Jill Zande
2021 Machine Learning – Computer Coding Challenge

Your Mission:

Harness the power of cloud computing to identify and quantify organisms in benthic video transects. Start with pre-built Artificial intelligence (AI) models or take it to the next level by building your own machine learning (aka coding) models.

With those words, the MATE ROV Competition challenged students around the globe to use the Microsoft Azure AI Platform to create computer programs capable of evaluating marine organisms in benthic video transects. This was the second time the MATE ROV Competition and Microsoft partnered on a project designed to expose students to machine learning and encourage them to understand and apply AI to solving real-world, ocean-related problems.

In 2019, the challenge was more free-form, tasking students to innovate on decisions that might be made from ROV information and the machine learning process (data acquisition, transformation, classification, visualization, etc.). Students could use data acquired from their ROV, simulated data for a scenario, or public data sets to, for example, classify aquatic species or analyze fault lines to predict natural disasters.

The 2021 challenge was more specific and involved in-depth learning and applications. It was presented to students in the form of a hackathon with four “rounds” of individual challenges that required students to create programs that analyzed benthic video transects and output data based on specific tasks. Video transects were provided by the Monterey Bay Research Institute (MBARI), NOAA Gray’s Reef National Marine Sanctuary, and Coral Morphologic, a non-profit organization whose mission is to create innovative underwater media that chronicles Earth’s imperiled coral reefs. For each round, students’ submissions were judged on accuracy of their analysis.

For example, for Round 1, students were tasked with developing a program that annotated a video transect collected by MBARI’s ROV Ventana from the Monterey Bay National Marine Sanctuary; the program was to find one benthic species, the grooved tanner crab. Round 2 focused on a video transect collected by SCUBA divers in Gray’s Reef National Marine Sanctuary. Students were challenged to prepare a program that counted how many black sea bass, an important species for both commercial and recreational fisheries and an indicator of ecosystem health, were seen at any one instant during the video. For this round, they had to deliver that program, the resulting graph with fish counts at specific intervals, and explanation of how the program/algorithm counts fish, and a video demonstrating their solution working real time.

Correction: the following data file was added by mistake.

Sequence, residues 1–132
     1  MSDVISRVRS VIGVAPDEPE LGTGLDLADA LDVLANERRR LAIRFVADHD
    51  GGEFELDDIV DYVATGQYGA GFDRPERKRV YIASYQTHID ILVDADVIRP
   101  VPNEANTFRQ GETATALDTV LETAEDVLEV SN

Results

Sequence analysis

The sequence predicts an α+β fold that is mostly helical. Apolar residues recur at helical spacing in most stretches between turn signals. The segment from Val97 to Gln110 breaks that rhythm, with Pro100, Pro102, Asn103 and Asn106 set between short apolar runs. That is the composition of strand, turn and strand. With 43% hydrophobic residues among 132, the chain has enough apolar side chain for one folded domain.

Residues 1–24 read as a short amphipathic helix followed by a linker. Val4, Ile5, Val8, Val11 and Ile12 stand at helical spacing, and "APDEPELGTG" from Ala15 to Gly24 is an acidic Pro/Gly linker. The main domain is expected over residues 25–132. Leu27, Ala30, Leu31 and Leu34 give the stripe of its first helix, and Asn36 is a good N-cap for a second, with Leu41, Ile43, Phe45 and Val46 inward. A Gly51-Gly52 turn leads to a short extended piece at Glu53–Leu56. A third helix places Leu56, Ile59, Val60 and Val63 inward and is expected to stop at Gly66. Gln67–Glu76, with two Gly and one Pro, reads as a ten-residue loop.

Round 3 tasked students with creating a program to identify human-made pollution – trash – as seen in a video segment taken from Coral Morphologic’s Coral City Camera, a stationary underwater camera that provides a 24-hour a day, 7 days a week view of an urban coral habitat along the Port of Miami, Florida. Round 4 also used video from Coral Morphologic, requiring students to develop program to identify five different species of fish seen in live video stream coming from the Coral City Camera. However, unlike previous rounds, the focus was not only on the effectiveness of the students’ programs to identify fish, but also how they packaged their logic to the “customer”, Coral Morphologic. Students were to showcase their product at work, demonstrating how to use the software, and presenting the results of their product identifying certain fish in the form of a “marketing pitch”.

Eight groups of students participated in Round 1, with all eight advancing to Round 2. Out of those eight, seven submitted entries to Round 2, with all seven of those groups advancing to Round 3. Five groups made it to the final round. The top three, which were all students on MATE ROV
Competition teams, were each awarded a Surface Go and keyboard set along with t-shirts courtesy of Microsoft. The top finishers are listed below with links to their marketing pitches.

Planning is underway for the 2022 Machine Learning – Computer Coding Challenge, which will again challenge students around the world to learn and apply AI to addressing ocean issues.  To suggest a task related to ocean monitoring and management or for more information, please visit the MATE ROV Competition web site

October 1, 2021

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